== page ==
• Onshore oil and gas operations in Arctic Alaska are vulnerable to thawing permafrost, which may cause damage to existing infrastructure and restrict seasonal access, while offshore operations could benefit from a longer sea ice-free season
  • Increasing temperatures will likely increase electricity demand for cooling and decrease fuel oil and natural gas demand for heating
Looking on the brighter side, the report notes that while climate change will, on balance, create challenges and costs for the energy sector, there are potential benefits to the energy sector as well. Examples include reduced average heating loads during the winter in parts of the United States, such as New England, and the opening of new regions to offshore oil and gas exploration due to shrinking sea ice cover in the Arctic. The report also covers adaptation actions underway, as well as other major opportunities to prepare for climate change through adaptation. Nevertheless, on balance, the report finds that the magnitude of the challenge posed by climate change on an aging and already stressed U.S. energy system could outpace current adaptation efforts, unless a more comprehensive and accelerated approach is adopted. Will the U.S. follow that path? What measures will it include? Will it make a difference?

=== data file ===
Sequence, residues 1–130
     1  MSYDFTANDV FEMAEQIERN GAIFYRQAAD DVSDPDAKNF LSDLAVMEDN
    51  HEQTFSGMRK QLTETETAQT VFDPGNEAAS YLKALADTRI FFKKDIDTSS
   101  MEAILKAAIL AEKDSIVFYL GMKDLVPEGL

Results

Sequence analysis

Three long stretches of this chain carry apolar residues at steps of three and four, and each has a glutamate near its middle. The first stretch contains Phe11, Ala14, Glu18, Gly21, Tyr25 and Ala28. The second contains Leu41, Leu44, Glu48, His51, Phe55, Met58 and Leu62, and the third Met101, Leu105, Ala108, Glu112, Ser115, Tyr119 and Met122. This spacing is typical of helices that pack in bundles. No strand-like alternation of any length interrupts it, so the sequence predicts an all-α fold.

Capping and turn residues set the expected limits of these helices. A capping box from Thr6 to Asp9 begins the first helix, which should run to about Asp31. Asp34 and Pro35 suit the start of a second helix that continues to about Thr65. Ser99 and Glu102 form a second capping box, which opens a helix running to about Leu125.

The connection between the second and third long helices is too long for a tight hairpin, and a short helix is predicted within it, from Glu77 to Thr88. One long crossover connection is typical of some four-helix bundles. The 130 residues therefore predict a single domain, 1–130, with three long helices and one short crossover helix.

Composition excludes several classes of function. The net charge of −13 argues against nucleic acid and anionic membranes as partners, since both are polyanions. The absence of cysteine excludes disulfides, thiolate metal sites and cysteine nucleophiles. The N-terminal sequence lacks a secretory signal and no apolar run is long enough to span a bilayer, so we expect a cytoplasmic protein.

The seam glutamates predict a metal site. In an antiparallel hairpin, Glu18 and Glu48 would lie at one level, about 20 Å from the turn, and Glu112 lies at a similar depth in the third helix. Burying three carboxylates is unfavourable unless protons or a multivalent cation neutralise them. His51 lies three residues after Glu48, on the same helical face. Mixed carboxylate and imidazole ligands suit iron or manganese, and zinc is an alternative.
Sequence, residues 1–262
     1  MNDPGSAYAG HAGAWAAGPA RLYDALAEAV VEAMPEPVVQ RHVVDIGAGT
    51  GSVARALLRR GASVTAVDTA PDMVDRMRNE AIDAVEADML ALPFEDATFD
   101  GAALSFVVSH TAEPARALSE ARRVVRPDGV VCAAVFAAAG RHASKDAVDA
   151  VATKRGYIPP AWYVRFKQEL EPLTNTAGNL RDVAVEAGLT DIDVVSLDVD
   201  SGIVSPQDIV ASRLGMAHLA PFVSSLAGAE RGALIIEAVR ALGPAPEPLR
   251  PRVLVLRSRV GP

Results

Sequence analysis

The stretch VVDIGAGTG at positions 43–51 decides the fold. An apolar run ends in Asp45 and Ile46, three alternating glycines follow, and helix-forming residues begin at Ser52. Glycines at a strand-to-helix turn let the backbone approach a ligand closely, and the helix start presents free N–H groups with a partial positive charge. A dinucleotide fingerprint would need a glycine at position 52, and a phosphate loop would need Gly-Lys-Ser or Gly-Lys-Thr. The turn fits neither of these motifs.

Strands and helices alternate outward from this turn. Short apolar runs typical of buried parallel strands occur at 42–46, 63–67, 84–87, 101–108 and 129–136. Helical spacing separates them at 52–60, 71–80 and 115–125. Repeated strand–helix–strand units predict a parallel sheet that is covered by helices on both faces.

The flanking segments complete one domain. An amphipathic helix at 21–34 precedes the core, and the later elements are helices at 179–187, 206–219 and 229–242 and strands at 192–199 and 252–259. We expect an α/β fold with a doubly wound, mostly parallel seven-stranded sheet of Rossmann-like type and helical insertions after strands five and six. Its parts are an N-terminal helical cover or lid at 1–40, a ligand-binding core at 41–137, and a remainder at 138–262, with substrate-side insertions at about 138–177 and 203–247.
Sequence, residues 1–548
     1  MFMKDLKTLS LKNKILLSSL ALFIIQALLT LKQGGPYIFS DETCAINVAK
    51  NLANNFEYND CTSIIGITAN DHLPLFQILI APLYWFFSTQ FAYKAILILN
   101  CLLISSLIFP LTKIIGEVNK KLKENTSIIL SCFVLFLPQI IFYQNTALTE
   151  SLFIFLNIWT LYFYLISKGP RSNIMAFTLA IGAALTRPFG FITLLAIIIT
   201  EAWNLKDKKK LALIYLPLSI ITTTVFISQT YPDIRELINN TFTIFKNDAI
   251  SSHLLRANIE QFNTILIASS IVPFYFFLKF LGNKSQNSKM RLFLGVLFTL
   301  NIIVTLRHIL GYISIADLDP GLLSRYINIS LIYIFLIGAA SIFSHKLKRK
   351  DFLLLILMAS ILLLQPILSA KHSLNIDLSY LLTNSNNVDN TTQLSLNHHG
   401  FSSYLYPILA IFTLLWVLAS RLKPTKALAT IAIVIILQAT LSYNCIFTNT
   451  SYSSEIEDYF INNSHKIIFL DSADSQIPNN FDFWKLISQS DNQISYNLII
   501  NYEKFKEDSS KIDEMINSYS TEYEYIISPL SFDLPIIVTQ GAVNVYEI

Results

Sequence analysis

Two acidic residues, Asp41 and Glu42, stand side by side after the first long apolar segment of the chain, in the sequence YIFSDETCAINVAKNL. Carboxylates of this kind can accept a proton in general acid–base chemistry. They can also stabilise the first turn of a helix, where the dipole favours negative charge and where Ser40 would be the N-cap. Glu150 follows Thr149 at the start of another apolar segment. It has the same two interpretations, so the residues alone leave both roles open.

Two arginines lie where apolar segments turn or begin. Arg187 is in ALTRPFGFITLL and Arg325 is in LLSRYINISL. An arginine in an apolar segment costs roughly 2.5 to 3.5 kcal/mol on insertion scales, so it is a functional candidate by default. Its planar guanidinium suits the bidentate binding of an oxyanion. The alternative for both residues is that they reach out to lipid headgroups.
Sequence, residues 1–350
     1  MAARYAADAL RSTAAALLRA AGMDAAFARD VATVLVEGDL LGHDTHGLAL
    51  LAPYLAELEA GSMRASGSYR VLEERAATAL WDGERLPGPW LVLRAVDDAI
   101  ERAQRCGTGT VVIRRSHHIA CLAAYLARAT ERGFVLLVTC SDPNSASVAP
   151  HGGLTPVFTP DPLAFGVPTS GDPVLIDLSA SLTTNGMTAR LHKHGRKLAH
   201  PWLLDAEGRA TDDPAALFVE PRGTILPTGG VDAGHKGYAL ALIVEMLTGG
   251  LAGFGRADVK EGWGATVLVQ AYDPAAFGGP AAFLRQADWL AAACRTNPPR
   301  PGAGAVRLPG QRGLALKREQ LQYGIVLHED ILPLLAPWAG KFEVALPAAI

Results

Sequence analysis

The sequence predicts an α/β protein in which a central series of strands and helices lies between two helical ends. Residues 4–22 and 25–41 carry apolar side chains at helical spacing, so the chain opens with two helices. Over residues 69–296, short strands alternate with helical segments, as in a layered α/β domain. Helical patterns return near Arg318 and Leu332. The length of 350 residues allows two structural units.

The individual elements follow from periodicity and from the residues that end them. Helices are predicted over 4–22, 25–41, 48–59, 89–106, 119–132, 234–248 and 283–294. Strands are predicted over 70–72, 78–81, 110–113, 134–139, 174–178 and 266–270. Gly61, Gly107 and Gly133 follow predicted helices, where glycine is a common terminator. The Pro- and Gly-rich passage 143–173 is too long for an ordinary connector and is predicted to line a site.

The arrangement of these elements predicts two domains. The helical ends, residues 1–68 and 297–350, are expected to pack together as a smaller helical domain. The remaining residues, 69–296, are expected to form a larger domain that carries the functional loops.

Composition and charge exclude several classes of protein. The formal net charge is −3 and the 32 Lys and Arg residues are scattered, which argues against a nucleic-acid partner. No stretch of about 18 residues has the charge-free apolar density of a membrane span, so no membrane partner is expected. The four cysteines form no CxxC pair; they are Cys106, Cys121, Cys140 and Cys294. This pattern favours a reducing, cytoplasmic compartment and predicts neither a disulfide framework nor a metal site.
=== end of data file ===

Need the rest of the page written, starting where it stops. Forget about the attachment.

Tackling New England natural gas pipeline constraints

Wednesday, July 10, 2013

Natural gas offers consumers a relatively low-cost energy source with fewer environmental impacts than coal or oil.  Throughout most of the United States, natural gas is displacing other fossil fuels in electric power generation, heating, and transportation.  But as a recent federal report found, inadequate pipeline infrastructure into New England is keeping prices for natural gas and electricity in the Northeast higher than in other regions.